"Why would I think you were crazy, Josh?"
"Because. Because Mal said the doctors said he'd died in his sleep. And because . . ."
"Because what, Josh?"
He flushes, and rubs a hand over his face. "I—I realized afterwards, Donna. He was by himself. He didn't have his Secret Service detail with him. And that's like, y'know . . ."
"Maybe not impossible. I mean, it can't be, can it? But—it's strange. Really strange."
Donna casts her eyes down, smiling to herself. She doesn't think she wants to tell Josh just yet about the things Leo said to her at quarter to one that same day.
"Stranger things have happened, Josh."
"Like you loving me."
"Like you loving me, you mean. Me loving you isn't strange. It's natural. Unavoidable. Irresistible. Inevitable. How could I have helped it?"
"I feel the same way about me loving you."
"Do you think . . ." He hesitates.
"Think what, Josh?"
"Think—I'll—be okay? As a husband? As a dad?"
She's smiling, but his face falls, and he bites his lip.
"You're probably right. I've always thought I'd louse it up, if I ever got a chance."
Donna smiles more widely. "No, you won't be okay, Josh. You'll be better than okay; you'll be wonderful. You'll be amazing."
He smiles too then, but she can see the doubt still hiding in his eyes.
"You already are wonderful and amazing," he says. "I've got a lot to learn."
"So do I, Josh; you know that. You won't be doing this by yourself. You've got me; we'll be doing it together."
"Really, Josh. I'm not going anywhere, I promise. Never, without you."
He pulls her to him then, and slides his hand under her blouse, spreading it over her belly. "Am I da man?" he whispers.
"You are absolutely and totally da man, Josh," Donna says, before he puts his mouth over hers, leaving her with no ability to say anything else at all.
A cold wind blows outside the first-floor apartment in the upscale townhouse in the heart of Georgetown. A little tongue of it finds its way through the windowframe in the bedroom, rattling the blinds, making short, sharp noises that get louder as it gusts. In the big bed, the man and the woman curled naked around each other both shiver a little in their sleep and pull closer together, smiling.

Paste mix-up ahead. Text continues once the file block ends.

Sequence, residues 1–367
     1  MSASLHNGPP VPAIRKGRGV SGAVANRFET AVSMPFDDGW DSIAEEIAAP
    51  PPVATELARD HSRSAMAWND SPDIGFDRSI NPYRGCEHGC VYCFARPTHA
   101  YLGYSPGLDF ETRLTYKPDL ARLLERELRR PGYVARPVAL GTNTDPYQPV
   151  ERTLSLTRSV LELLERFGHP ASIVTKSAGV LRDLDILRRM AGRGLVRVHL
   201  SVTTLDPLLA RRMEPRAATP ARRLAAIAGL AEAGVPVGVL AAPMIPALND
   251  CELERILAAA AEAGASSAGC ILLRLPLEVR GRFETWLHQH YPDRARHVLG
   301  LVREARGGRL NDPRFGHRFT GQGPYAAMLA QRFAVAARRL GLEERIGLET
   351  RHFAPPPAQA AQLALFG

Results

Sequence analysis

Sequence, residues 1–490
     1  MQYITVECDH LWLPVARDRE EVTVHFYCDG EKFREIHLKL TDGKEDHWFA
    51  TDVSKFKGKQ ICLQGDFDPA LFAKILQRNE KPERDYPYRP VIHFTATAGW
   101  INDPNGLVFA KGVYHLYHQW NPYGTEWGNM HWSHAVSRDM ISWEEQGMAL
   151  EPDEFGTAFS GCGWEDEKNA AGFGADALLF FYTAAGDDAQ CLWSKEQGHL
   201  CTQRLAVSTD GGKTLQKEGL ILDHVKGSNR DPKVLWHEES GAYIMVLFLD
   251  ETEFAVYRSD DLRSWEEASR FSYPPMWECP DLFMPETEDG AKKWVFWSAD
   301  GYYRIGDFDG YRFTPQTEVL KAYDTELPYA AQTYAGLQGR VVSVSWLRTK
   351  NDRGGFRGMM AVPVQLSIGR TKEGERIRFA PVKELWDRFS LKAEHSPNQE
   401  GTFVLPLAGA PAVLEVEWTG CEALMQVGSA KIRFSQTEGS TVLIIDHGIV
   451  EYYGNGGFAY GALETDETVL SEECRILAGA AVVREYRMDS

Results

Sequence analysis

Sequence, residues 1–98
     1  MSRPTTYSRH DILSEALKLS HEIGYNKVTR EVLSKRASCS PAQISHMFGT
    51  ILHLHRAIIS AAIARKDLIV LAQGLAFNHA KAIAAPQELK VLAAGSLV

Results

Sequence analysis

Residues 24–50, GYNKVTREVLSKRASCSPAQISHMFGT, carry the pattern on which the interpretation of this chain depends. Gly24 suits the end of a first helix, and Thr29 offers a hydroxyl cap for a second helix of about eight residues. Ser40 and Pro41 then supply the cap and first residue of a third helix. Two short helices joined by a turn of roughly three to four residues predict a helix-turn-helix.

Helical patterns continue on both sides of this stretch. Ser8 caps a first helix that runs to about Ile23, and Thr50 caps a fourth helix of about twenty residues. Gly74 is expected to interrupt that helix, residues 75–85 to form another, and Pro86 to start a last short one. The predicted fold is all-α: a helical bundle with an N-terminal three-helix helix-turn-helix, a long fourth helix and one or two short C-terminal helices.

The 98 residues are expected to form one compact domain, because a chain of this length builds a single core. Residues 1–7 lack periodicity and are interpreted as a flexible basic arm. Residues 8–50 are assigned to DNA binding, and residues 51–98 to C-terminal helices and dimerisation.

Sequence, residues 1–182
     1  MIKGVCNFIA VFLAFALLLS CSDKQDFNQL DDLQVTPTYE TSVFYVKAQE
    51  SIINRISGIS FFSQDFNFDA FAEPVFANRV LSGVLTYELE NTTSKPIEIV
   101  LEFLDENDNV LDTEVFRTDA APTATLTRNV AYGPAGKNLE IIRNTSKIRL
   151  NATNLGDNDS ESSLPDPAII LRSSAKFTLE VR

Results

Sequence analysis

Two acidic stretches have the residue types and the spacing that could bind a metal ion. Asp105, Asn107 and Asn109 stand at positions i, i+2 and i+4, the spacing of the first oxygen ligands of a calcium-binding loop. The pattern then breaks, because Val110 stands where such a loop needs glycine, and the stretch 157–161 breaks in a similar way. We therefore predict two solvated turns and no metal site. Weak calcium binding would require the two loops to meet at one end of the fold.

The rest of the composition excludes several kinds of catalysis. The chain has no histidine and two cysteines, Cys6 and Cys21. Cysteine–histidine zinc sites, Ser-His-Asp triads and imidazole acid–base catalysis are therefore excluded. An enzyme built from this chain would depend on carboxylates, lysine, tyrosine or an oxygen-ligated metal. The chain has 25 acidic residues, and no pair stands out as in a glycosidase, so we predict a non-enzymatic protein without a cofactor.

The band is playing on the town landing, hokey old-fashioned waltzes, with a smattering of more up-to-date tunes they throw in just for fun. She puts her flute down and pulls on her skates. He's already got his on. He's always ahead of her; it's one of the things she loves about him. He smiles down at her with those warm brown eyes she can't pull hers away from, and she gives him that dazzling smile that always makes his knees turn to water and the ice around his heart melt. He feels a little dizzy with it, but he offers her his hand and she puts hers in it, feeling dizzy too at his touch. The band keeps playing: da-dum-dum, da-dum-dum, da-dum-dum, da . . . . They start to skate together, slowly at first, then picking up speed. They don't have to find a rhythm together; they've always had it. The music fades and the crowd disappears, but they skate on together, hand in hand. The sun is bright and warm on their faces, the ice is strong and hard under their feet, and they skate on together, smiling at each other and talking, never letting go till they get home.